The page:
Preparations beyond only setting up logistics are needed to ensure on-time availability of the vaccine!

The vaccine is coming, are Supply Chains ready?

Over the past couple of days, the daily count of COVID19 in India has been dwindling. While it may appear things are getting better, and the situation is in control, there is a likelihood of a second wave hitting India, post the festive season that runs for around 20 odd days, between 22 October to 15 November.

People do not fear the virus-like they did. They are out and about, flocking the streets, shopping, socializing, etc. And who can blame them? The past 8–10 months have been the longest the entire world has been confined to their houses!

Most people I speak to about the virus feel that: “If I’ve already got the virus, I have antibodies and I will not get it again.” While it is not scientifically proven that you cannot be reinfected, chances are one in a million. There are 32 known cases of reinfections in the world, from over 40 million known cases worldwide.

As the world opens up and people resume lives in the ‘new normal’, they eagerly anticipate the arrival of the vaccine to get back to their pre-COVID lives. While there are over 250 vaccines in clinical trials, we do know when the first vaccine will be approved and available to the mass market.

It’s only a matter of time before we get the first COVID-19 vaccine | Image: HindustanTimes

A few searches from Google indicate that a normal vaccine could take anywhere between 8–10 years to develop. In the case of COVID-19, within a few months, a few of the vaccines: AstraZeneca/Oxford, Pfizer, and Moderna are already in Phase III or pre-approval trials, while most other have begun Phase II. While experts still believe that a few of them would be available by early 2021, India and the world together have to address a host of issues, if we are to be ready for the virus.

The biggest unknown variable: when will the vaccine be available?

World Economic Forum data indicate that 15,000 flights, 200,000 pallets, and potentially 15 million cooling boxes, with the corresponding amounts of cooling bricks or dry ice, would be required to transport the virus across the globe within a year to two.

The other problem is, the timeline of vaccine approvals and availability, so while the demand is there, without supply, demand forecasting and supply chain planning could be a real challenge for major cargo carriers across the globe.

“But we know it is going to be available soon! Donald Trump and India’s Health Minister, Harsh Vardhan, have said it.”

Yes, agreed, but without data, nothing can be said. While speculations are rife that it will be available, it all depends on the success of the ongoing human trials for the vaccines. About 50% of the trials in Phase III fail.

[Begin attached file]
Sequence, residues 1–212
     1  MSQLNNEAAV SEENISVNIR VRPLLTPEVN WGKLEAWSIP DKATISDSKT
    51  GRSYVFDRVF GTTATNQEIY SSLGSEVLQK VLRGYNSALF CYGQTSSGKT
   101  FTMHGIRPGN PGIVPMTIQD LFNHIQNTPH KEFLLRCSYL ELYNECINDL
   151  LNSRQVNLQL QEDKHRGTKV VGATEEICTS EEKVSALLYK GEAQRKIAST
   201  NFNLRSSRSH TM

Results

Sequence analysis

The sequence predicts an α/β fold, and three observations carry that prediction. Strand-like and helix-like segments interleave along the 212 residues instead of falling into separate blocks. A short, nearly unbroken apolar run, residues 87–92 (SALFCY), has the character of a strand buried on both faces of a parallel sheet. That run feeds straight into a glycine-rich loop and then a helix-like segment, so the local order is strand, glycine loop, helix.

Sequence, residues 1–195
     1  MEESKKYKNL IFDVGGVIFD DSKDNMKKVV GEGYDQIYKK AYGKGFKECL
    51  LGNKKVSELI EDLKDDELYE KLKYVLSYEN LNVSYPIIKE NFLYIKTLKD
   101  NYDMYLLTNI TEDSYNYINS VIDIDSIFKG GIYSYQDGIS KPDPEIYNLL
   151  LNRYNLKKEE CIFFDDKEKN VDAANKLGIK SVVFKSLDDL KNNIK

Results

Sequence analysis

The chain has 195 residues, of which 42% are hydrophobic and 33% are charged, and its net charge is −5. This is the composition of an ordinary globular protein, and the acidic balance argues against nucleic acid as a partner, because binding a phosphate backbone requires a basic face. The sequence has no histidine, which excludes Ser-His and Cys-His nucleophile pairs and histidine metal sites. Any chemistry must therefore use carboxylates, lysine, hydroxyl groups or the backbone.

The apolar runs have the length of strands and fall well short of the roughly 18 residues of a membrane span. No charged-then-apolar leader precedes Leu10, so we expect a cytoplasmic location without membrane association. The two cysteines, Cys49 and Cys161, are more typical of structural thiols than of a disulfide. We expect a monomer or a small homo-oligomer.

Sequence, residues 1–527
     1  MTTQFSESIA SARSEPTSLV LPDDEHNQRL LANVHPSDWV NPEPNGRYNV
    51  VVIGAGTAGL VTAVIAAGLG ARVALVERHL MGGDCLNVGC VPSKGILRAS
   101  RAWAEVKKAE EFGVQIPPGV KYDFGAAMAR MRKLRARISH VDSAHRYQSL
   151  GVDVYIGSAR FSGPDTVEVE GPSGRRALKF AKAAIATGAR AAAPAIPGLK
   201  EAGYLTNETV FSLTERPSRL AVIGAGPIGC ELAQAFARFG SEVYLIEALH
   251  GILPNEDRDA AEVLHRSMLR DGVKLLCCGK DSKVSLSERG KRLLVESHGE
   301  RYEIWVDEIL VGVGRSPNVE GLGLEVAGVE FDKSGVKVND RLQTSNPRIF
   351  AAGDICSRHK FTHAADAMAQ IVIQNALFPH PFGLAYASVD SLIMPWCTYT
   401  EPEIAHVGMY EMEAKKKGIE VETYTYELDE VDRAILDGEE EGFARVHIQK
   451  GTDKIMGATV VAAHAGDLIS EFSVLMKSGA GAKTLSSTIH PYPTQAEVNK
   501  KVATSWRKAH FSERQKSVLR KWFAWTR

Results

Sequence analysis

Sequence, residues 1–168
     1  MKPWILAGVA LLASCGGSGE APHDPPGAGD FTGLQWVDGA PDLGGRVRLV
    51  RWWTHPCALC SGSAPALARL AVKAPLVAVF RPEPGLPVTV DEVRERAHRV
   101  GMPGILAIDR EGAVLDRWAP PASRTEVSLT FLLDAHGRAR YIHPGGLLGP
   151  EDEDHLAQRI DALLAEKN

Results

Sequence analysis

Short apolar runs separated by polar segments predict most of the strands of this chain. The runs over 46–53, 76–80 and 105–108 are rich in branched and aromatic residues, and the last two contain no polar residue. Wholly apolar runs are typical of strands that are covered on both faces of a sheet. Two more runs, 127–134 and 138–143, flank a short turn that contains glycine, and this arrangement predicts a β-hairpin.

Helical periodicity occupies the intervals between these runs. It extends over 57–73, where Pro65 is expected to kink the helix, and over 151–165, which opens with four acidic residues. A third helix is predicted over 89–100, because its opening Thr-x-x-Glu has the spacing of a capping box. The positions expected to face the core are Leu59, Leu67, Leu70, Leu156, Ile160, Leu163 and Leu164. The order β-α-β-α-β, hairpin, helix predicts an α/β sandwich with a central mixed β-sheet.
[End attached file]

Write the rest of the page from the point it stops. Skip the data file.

Supply Chain

There is a very high likelihood that a few drugs would be approved and available by Q1 2021 (March-end). Challenge then becomes the need for a robust and falter-proof supply chain integration and an unprecedented air cargo capacity, right from the get-go. Meaning: considering the vaccines would require express and quick transportation, there will be a need for large cold storage facilities, at transit points and most international gateways like airports.

Many have already begun preparations. Emirates, for instance, has set up a dedicated anchor hub at Dubai World Central, for cold chain storage and distribution of the vaccine.

Emirates SkyCargo has set up a GDP compliant cargo hub in Dubai for COVID-19 vaccine | Video: youtube

Still, even considering ‘Public Private Partnerships’, supply chains around the world are not prepared to handle the scale vaccine distribution would need.

Apart from the infrastructure, technologies and processes need an overhaul as well, if things are to move fast.

1. COVID vaccine needs special handling — Normal polio vaccinations are stored between 15–25 degrees Celsius. Most COVID vaccines need to be stored at 2–8 degrees Celsius, some even at -80 degrees, meaning special handling requirements. That means more number of configured cold storages, WITHOUT disrupting the supply of other vaccines!

Emirates’ vaccine distribution hub layout | Image: simpleflying

2. Jets — large aircraft (777s/747s) can carry up to 10–30 tonnes of cargo, while the narrowbodies (737s) 2–6 tonnes. And these aircraft would have to be highly temperature controlled. Over 15,000 flights, as anticipated by the WEF, would be needed to meet vaccine requirements.